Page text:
“IndiVisible: African-Native American Lives in the Americas” will open with a public reception at the University YMCA’s Murphy Gallery on Monday, April 13 from 5pm to 7pm; the photography exhibition focuses on the seldom-viewed history and complex lives of people of dual African American and Native American ancestry. Through the themes of policy, community, creative resistance and lifestyles, the exhibition tells stories of cultural integration and diffusion as well as the struggle to define and preserve identity. “IndiVisible,” produced by the National Museum of the American Indian in collaboration with the National Museum of African American History and Culture and the Smithsonian Institution Traveling Exhibition Service (SITES) remains on view through May 14th, 2015. After a brief pause of the exhibition showing, viewing of “IndiVisible” will resume at the University YMCA’s Murphy Gallery through the summer, and after will then continue to travel to museums around the nation. For more information, see universityymca.org/art. Local sponsorships include the Bruce D. Nesbitt African American Cultural Center, the Native American House and the Committee on Race and Ethnicity (CORE).
Since the arrival of Christopher Columbus in the Americas, the lives of Native and African peoples have been closely intertwined. From pre-colonial times, they intermarried, established communities and shared their lives and traditions. But racially motivated laws oppressed and excluded them. Blended tribes worked to preserve their land and rebelled against displacement. Their survival strategies included involvement in social movements, joining together to fight oppressive conditions and regaining economic sustainability. Their unique African-Native American cultural practices through food, language, writing, music, dance and the visual arts have thrived.
“The topic of African-Native Americans is one that touches a great number of individuals through family histories, tribal histories and personal identities,” said Kevin Gover (Pawnee), director of the National Museum of the American Indian. “We find commonalities in our shared past of genocide, alienation from our ancestral homelands, and the exhibition acknowledges the strength and resilience we recognize in one another today.” “We are proud to have contributed to this important and thoughtful exhibition,” said Lonnie Bunch, director of the National Museum of African American History and Culture. “African American oral tradition is full of stories about ‘Black Indians,’ with many black families claiming Indian blood."
The exhibition was curated by leading scholars, educators and community leaders including Gabrielle Tayac, (Piscataway), Robert Keith Collins, (African-Choctaw descent), Angela Gonzales (Hopi), Judy Kertèsz, Penny Gamble-Williams (Chappaquiddick Wampanoag) and Thunder Williams (Afro-Carib). African-Native Americans from across North America share their perspectives in a 10-minute video in the exhibition.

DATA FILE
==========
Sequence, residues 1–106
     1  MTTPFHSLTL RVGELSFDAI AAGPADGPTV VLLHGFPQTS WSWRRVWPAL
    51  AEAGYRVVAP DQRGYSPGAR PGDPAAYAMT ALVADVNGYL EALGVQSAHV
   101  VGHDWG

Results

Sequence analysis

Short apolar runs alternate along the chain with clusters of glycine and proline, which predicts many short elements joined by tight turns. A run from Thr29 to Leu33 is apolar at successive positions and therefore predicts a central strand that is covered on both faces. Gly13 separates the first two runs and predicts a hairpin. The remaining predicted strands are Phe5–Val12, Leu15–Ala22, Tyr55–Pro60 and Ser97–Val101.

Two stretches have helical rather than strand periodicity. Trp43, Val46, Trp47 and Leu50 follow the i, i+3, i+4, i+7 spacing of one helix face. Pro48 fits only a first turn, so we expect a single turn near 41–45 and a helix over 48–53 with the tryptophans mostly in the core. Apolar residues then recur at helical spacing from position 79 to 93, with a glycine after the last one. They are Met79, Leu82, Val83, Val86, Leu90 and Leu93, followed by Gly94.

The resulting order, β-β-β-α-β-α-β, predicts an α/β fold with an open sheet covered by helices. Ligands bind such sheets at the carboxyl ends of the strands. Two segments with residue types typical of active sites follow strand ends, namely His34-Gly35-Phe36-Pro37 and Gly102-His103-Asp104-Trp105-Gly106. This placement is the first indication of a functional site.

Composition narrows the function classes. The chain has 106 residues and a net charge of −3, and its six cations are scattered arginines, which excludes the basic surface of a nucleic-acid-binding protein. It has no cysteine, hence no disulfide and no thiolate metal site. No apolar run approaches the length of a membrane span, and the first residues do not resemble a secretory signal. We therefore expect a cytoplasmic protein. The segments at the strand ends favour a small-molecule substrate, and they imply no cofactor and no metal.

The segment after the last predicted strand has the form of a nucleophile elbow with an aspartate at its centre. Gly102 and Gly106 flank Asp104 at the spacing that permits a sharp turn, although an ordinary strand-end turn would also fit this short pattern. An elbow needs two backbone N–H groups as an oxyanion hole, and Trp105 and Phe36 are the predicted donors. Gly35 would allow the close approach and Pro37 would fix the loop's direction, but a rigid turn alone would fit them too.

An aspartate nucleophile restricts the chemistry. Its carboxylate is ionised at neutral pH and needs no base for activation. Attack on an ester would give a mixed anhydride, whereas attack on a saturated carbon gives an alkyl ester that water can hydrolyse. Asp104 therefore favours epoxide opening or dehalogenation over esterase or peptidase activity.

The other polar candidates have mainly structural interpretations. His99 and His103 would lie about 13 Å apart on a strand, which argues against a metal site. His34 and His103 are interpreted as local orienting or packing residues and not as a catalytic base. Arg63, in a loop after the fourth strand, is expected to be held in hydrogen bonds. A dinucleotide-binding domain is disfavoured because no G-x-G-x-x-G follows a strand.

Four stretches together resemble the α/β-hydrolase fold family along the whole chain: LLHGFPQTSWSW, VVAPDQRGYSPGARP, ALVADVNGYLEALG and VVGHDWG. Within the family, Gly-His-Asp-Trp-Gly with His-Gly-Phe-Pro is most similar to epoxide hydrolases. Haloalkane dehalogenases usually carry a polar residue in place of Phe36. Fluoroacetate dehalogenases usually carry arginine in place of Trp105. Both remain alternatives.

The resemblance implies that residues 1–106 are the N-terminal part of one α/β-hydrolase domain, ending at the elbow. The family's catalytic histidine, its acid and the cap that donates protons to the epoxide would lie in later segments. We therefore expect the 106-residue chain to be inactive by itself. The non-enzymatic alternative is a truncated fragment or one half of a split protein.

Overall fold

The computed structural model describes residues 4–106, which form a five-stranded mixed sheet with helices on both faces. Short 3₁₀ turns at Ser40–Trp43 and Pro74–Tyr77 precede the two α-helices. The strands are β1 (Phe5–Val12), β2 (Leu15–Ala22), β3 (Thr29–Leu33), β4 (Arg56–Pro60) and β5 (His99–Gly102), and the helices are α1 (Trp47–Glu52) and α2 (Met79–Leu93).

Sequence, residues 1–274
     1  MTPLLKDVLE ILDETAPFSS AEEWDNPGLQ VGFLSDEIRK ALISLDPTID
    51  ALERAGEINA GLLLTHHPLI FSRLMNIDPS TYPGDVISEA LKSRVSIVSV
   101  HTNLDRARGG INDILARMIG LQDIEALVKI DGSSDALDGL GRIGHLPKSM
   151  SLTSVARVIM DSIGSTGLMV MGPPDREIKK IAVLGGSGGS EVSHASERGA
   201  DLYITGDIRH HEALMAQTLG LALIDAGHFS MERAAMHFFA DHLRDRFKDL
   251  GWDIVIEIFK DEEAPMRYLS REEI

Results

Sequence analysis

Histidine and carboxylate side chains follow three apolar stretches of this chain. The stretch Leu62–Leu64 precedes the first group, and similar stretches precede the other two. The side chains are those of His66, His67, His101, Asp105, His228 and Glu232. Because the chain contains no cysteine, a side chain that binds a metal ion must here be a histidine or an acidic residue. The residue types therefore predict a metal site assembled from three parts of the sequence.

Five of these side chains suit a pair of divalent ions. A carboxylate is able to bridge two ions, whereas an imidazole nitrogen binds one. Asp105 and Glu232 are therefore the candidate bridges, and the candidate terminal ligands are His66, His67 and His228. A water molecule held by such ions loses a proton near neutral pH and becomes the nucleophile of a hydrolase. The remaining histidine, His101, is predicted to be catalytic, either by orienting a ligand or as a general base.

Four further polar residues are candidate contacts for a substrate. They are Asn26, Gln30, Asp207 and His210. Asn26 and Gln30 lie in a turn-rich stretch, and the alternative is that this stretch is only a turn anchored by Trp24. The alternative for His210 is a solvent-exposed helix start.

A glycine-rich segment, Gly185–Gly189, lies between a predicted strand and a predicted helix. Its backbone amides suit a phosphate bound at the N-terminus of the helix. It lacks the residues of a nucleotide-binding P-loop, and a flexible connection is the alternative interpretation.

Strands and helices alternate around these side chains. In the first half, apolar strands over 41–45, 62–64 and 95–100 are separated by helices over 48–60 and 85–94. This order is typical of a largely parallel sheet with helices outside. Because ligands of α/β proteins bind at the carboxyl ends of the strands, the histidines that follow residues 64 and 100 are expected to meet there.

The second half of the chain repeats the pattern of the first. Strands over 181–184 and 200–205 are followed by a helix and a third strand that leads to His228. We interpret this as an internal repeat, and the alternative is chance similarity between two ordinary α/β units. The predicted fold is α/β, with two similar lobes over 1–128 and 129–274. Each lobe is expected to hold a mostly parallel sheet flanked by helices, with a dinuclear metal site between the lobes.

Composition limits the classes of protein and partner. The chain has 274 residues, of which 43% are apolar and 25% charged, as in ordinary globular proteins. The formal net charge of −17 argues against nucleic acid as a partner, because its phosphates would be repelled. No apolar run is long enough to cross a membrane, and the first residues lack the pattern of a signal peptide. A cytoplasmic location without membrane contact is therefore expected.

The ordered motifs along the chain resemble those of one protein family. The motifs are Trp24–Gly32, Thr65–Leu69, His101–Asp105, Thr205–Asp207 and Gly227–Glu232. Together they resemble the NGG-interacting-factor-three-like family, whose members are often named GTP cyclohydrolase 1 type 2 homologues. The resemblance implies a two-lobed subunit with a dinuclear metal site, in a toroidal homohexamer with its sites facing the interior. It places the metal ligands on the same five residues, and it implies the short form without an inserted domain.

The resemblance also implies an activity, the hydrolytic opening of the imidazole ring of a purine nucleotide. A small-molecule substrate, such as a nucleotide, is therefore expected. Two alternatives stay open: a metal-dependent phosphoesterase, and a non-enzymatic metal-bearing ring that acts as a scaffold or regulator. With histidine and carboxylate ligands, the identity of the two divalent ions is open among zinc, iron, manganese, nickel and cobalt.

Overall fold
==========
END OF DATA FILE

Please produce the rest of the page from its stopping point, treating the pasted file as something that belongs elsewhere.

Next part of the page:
Support for the exhibition is provided by the Akaloa Resource Foundation and the Latino Initiatives Pool, administered by the Smithsonian Latino Center. The University YMCA’s showing of “IndiVisible” is a part of the Art @ the Y program, a cause-driven, public arts initiative of the University YMCA.
“IndiVisible” Press Images:
Picture 1: Comanche family, early 1900s. The elder man in Comanche traditional clothing is Ta-Ten-e-quer. His wife, TaTat-ty, also wears Comanche clothing. Their niece (center) is Wife-per, also known as Frances E. Wright. Her father was a Buffalo Soldier who deserted and married into the Comanches. Henry (center left) and Lorenzano (center right) are the sons of Frances, who married an African American man. Courtesy Sam DeVenney.
Picture 2: Adolphus “Doc” Cheatham Of Cherokee and Choctaw heritage, Doc Cheatham was a journeyman trumpeter and vocalist who received many awards in recognition of his remarkably long careers. Here, he joins trombonist Vic Dickinson and alto saxophonist Earle Warren during an appearance at the Overseas Press Club in New York. Courtesy Institute of Jazz Studies, Rutgers University.
Picture 3: Jimi Hendrix, The Royal Albert Hall, London, February 18, 1969. Hendrix, who spoke proudly of his Cherokee grandmother, was one of many famous African Americans in the 1960s who cited family traditions linking them to Native ancestry. Photo by Graham F. Page, courtesy Experience Music Project and Science Fiction Museum and Hall of Fame.
Any reproduction of these images must include full caption information. Several high-resolution images may be downloaded from http://newsdesk.si.edu/photos/
For Immediate Release
April 2, 2015
For media inquiries, contact:
Megan Flowers, University YMCA Communications Director